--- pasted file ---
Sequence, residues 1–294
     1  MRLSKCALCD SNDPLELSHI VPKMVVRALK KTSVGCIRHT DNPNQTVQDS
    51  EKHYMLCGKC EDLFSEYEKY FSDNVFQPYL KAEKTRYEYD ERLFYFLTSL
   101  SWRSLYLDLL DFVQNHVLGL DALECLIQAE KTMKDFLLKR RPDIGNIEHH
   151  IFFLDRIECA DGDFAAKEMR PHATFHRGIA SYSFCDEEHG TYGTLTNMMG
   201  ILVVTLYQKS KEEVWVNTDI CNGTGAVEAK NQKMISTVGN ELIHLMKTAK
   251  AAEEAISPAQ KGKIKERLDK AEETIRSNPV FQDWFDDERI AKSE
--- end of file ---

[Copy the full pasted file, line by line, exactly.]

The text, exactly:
Sequence, residues 1–294
     1  MRLSKCALCD SNDPLELSHI VPKMVVRALK KTSVGCIRHT DNPNQTVQDS
    51  EKHYMLCGKC EDLFSEYEKY FSDNVFQPYL KAEKTRYEYD ERLFYFLTSL
   101  SWRSLYLDLL DFVQNHVLGL DALECLIQAE KTMKDFLLKR RPDIGNIEHH
   151  IFFLDRIECA DGDFAAKEMR PHATFHRGIA SYSFCDEEHG TYGTLTNMMG
   201  ILVVTLYQKS KEEVWVNTDI CNGTGAVEAK NQKMISTVGN ELIHLMKTAK
   251  AAEEAISPAQ KGKIKERLDK AEETIRSNPV FQDWFDDERI AKSE